Jury retires to consider insanity plea
Jury retires to consider insanity plea

A Perth man who bludgeoned his mother and stepfather to death while in the grips of an acute psychotic episode has been found not guilty of their murders on the grounds of insanity.

A Hobart jury deliberated for just over an hour in the Tasmanian Supreme Court today before finding Nicolau Francisco Soares was not criminally responsible for the murders of respected WA academics Del Weston and Gavin Mooney.

The emotions of Mr Soares' half-sister Katherine Weston and brother Alexander Soares spilled over as the verdicts were read to the court.

Ms Weston quietly shed tears and Alexander Soares appeared overwhelmed with relief.

After the verdicts, Justice David Porter ordered psychiatric reports be prepared for the 29-year-old to consider the options for dealing with him under laws dealing with mentally impaired defendants.

Mr Soares, who could be placed on a restriction order or discharged, was remanded in custody until July 18.

During the four-day trial, Mr Soares did not deny using a claw hammer and block buster to inflict catastrophic and fatal head injuries on the couple as they sat down to their evening meal at their isolated Mountain River property in Tasmania on December 18, 2012.

But Mr Soares pleaded not guilty to the two counts of murder on the basis that the symptoms of his schizophrenia deprived him of the capacity to understand what he was doing was wrong.

Uncontested expert psychiatric evidence was presented to the jury that Mr Soares was in the grips of an acute psychotic episode at the time of the deaths.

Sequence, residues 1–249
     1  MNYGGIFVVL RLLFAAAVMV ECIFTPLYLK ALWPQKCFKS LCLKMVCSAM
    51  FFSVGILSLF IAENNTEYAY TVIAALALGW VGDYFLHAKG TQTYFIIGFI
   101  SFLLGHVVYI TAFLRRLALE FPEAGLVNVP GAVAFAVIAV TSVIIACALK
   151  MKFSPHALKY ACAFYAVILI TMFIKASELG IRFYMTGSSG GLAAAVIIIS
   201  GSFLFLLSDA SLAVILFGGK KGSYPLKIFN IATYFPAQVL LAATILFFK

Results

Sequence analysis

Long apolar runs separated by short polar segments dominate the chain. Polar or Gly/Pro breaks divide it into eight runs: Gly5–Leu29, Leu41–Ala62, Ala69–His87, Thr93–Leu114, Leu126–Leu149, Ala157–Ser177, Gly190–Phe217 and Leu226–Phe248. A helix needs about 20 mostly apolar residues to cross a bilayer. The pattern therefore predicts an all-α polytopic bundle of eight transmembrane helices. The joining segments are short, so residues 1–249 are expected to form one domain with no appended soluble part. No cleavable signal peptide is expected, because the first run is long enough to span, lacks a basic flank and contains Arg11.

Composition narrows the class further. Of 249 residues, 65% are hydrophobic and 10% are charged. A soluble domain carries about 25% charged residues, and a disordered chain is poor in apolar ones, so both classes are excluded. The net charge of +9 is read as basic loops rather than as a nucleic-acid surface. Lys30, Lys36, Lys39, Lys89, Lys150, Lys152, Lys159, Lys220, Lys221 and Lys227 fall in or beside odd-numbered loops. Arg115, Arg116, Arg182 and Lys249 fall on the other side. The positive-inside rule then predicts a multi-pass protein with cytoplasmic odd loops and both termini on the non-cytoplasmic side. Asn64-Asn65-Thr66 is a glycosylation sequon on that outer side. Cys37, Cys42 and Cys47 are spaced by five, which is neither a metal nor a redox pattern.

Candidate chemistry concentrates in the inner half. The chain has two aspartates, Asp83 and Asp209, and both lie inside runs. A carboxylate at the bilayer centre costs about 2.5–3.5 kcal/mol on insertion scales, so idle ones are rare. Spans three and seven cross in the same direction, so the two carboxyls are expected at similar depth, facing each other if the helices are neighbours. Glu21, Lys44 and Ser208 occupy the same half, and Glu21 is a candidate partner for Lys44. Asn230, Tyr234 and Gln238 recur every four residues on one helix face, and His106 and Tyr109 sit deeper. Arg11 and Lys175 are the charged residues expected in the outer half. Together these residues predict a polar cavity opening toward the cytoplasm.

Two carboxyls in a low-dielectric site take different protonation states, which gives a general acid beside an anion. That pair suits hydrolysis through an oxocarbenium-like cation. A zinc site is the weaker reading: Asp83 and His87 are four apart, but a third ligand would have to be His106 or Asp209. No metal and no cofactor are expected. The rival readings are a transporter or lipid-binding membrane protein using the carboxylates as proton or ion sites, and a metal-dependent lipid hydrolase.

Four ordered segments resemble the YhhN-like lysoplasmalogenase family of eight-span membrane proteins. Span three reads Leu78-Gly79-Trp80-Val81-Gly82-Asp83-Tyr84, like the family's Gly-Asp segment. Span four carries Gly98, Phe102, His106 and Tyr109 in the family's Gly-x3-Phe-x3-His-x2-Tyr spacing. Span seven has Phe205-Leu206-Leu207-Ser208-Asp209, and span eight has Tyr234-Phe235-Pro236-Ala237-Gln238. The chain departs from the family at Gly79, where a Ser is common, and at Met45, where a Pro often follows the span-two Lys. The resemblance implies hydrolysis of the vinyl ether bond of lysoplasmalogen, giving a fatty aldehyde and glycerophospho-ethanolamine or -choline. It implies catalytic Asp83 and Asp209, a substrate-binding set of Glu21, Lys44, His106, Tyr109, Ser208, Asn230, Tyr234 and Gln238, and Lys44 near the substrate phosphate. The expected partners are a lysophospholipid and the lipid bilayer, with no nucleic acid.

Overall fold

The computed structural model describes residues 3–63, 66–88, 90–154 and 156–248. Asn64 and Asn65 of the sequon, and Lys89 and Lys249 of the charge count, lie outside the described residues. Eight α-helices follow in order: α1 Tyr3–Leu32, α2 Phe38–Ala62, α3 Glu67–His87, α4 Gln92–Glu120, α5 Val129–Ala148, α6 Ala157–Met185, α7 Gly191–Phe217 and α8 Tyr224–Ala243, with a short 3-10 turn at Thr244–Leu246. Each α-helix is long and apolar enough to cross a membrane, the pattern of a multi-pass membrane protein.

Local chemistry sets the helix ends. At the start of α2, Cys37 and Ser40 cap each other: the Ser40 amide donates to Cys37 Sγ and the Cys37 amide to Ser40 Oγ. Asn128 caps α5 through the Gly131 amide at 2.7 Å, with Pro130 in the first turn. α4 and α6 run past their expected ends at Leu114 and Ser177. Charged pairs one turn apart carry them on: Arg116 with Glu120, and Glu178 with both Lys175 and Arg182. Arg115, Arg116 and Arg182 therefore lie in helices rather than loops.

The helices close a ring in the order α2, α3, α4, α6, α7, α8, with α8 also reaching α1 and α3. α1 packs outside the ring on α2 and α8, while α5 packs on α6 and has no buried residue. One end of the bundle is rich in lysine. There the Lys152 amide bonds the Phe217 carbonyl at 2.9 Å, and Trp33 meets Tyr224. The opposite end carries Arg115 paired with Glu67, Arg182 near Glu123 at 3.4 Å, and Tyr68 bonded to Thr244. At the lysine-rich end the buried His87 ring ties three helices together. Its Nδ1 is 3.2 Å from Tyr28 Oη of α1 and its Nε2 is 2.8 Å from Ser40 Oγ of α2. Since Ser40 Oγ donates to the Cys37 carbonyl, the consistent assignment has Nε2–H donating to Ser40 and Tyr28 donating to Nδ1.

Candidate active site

Tasmanian forensic mental health services clinical director Michael Jordan told the jury yesterday that Mr Soares feared his mother and stepfather were going to make him resume taking anti-psychotic medication and again have him involuntarily committed to psychiatric care.

Dr Jordan said Mr Soares was motivated by the deluded belief that he was going to join the Australian army's special forces unit and feared the actions of Dr Weston and Professor Mooney would jeopardise that goal.

"It was his aim to maim and kill his mother and stepfather as quickly as possible," Dr Jordan told the jury.

But Dr Jordan said in his opinion, it was "beyond doubt" that Mr Soares was incapable of appreciating that his acts were ones that he ought not be doing.

"He was unable to make that call on the difference between right and wrong," he said.

This morning, Tasmanian Supreme Court Justice David Porter told the jury that they should place considerable weight on Dr Jordan's evidence, which had not been challenged by the prosecution.

"You should not reject Dr Jordan's evidence unless the is a good and sound and proper reason to do so," Justice Porter directed the jury.

The West Australian

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